Insights gained through this research may provide new treatment options for a life-threatening congenital heart syndrome called hypoplastic left heart syndrome (HLHS). Dr. Kaushal and his team will soon begin the first clinical trial in the United States to determine whether the damage to hearts of babies with HLHS can be reversed with stem cell therapy. HLHS limits the heart's ability to pump blood from the left side of the heart to the body. Current treatment options include either a heart transplant or a series of reconstructive surgical procedures. Nevertheless, only 50-60 percent of children who have had those procedures survive to age five.

According to the American Heart Association, congenital heart disease may affect approximately one in 100 children. In the United States, more than 1 million adults are living with congenital heart defects.


'/>"/>

Contact: Bill Seiler
bseiler@umm.edu
410-328-8919
University of Maryland Medical Center
Source:Eurekalert

Related medicine news :

1. Aarhus University to inaugurate the ultimate source of light:
2. Multi-functional anti-inflammatory/anti-allergic developed by Hebrew University researcher
3. University of Hawaii cancer researchers discover gene defect responsible for cancer syndrome
4. Oxford University Press acquires American Journal of Hypertension
5. Queens University Belfast wins national environment award
6. Non-invasive treatment for children with obstructive sleep apnea suggested by Ben-Gurion University study
7. University of Colorado Cancer Center earns major grant to develop new bladder cancer drugs
8. Hospital of the University of Pennsylvania selected to lead US nurse-training initiative
9. University of Pennsylvania and Novartis form alliance to expand use of personalized T cell cancer therapy
10. Boston University researchers expand synthetic biologys toolkit
11. Canadians super-sizing Canadas Food Guide servings: York University study
Post Your Comments:
*Name:
*Comment:
*Email:
(Date:4/25/2017)... (PRWEB) , ... April 25, ... ... based in Newport Beach, California, committed to raising awareness for Duchenne muscular ... results from its randomized CAP-1002 (cardiosphere-derived cells) Phase I/II HOPE clinical trial ...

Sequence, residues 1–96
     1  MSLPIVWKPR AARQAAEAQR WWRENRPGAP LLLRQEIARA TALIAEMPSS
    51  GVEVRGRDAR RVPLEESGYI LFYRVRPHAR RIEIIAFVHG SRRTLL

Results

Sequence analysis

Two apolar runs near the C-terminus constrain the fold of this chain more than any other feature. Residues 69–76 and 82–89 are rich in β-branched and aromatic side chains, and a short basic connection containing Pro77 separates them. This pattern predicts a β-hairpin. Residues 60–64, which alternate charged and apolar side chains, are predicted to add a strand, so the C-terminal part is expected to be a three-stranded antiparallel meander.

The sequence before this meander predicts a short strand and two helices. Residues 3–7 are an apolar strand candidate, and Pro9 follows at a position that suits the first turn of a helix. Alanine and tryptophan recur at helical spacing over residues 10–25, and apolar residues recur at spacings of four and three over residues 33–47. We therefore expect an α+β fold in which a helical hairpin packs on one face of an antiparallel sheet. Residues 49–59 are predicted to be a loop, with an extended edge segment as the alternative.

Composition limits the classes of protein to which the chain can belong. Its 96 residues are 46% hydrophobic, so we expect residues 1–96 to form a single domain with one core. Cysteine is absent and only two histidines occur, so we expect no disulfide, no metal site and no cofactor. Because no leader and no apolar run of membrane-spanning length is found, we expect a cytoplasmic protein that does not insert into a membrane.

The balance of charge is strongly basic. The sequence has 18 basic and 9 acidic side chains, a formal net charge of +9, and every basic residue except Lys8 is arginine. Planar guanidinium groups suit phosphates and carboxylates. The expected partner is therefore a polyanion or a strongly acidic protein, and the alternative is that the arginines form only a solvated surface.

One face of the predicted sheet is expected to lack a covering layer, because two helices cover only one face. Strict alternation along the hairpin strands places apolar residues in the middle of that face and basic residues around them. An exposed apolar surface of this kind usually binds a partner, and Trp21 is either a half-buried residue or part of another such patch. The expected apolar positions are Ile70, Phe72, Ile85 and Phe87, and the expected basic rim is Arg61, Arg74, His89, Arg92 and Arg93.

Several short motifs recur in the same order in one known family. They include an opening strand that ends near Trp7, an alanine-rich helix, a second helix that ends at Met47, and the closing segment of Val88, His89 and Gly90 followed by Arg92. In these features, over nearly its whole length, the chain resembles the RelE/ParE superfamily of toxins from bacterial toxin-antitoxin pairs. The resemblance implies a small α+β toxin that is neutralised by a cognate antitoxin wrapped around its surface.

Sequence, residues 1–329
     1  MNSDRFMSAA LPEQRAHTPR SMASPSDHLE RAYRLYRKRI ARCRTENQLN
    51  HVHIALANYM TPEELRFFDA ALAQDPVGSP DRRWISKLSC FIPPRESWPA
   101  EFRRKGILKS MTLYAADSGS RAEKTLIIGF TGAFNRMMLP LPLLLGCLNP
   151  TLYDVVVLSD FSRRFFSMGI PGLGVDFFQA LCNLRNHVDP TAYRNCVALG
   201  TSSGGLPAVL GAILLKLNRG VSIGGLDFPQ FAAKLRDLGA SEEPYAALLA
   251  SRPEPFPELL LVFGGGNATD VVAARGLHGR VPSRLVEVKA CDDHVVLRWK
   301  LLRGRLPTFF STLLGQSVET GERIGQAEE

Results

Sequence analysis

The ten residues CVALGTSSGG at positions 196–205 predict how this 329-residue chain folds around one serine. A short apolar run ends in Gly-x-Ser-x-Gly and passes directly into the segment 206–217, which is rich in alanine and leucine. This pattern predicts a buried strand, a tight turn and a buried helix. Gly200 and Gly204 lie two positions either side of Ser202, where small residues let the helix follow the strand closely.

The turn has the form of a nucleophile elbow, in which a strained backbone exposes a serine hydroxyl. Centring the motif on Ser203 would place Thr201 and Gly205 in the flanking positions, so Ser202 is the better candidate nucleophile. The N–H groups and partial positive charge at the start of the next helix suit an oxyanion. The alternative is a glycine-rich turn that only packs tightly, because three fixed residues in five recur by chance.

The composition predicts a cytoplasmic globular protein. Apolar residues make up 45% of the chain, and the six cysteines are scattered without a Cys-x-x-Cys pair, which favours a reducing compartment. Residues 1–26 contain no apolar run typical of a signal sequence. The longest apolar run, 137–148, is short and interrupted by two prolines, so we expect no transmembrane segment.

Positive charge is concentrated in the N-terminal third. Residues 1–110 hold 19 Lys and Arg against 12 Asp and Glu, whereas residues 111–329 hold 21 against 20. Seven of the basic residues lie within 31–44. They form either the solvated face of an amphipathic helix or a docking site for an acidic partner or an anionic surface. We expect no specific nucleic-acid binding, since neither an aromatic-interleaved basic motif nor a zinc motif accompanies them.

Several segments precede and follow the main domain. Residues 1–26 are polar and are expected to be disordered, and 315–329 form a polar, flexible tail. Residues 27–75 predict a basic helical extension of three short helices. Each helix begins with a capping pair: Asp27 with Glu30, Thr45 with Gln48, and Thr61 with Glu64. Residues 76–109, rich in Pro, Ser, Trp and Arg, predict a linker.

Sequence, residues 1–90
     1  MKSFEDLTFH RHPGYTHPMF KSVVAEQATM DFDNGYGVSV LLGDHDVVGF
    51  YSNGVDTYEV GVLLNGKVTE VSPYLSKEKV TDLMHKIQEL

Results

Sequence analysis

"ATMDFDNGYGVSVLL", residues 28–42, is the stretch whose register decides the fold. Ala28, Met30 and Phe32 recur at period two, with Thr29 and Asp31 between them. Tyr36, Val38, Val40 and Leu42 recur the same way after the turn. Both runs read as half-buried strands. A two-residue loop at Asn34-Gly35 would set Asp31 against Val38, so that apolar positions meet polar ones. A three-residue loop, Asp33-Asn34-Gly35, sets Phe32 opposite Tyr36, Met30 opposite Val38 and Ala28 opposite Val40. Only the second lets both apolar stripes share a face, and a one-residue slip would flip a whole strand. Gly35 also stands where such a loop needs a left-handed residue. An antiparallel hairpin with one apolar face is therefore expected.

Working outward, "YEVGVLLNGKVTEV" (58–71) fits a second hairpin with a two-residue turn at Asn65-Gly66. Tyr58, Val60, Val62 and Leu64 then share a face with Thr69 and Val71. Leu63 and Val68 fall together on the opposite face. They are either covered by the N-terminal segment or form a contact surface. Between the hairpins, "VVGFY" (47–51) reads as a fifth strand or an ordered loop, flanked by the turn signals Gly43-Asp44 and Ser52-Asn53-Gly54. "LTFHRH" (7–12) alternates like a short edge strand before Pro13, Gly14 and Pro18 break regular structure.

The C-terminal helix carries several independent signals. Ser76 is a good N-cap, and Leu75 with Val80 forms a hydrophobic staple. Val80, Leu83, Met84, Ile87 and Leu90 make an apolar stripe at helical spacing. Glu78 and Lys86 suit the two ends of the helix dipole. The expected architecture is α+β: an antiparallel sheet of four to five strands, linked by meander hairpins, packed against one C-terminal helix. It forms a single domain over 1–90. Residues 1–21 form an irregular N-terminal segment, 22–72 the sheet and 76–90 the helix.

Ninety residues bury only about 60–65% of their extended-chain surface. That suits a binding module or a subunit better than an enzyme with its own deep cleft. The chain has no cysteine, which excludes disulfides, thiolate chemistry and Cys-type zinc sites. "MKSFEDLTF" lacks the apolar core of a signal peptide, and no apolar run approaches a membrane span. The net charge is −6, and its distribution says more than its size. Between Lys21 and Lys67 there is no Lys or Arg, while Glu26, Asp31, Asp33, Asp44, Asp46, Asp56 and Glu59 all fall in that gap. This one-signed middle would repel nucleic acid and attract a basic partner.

(Date:4/25/2017)... ... April 25, 2017 , ... As President Trump challenges ... for how his administration could impact the employee benefits industry. James Slotnick, AVP, ... most likely to make it through Congress. His discussion will focus on the ...
(Date:4/25/2017)... ... April 25, 2017 , ... The doctors at Wall Centre Dental ... with dental fear and require sedation to receive dental care. The doctors offer three ... procedures, from hygienic cleanings to oral surgery, at their dental office in Vancouver. Wall ...
(Date:4/25/2017)... ... April 25, 2017 , ... Patients who would like ... in a fraction of the time as traditional braces – Wilckodontics®. Dr. Victoria ... now offers this revolutionary treatment with or without a referral. , Wilckodontics ...
(Date:4/25/2017)... ... April 25, 2017 , ... ... in unveiling cutting-edge birth defects research related to Zika virus during pregnancy, as ... premier society for this important science. , The Teratology Society ...
Breaking Medicine News(10 mins):
(Date:4/19/2017)... 2017 Companion animal ... in pets such as canine, avian and feline. ... types such as Attenuated Live Vaccines, Conjugate Vaccines, ... and Recombinant Vaccines. Attenuated live vaccines are derived ... which have been weakend under laboratory conditions. Conjugate ...
(Date:4/19/2017)... , April 19, 2017  SARES•REGIS Group leased ... is developing at Conejo Spectrum Business Park in ... Atara Biotherapeutics, Inc. , a biopharmaceutical company ... life-threatening diseases that have been underserved by scientific ... therapies for cancer, autoimmune and infectious disease. ...
(Date:4/18/2017)... , April 18, 2017 Viverae ® , ... announce the integration of IBM ® Watson Campaign ... deliver targeted communications for a personalized experience. Through digital ... on their health in real time. The enhanced experience ... most to members, wherever they are in their journey ...
Breaking Medicine Technology: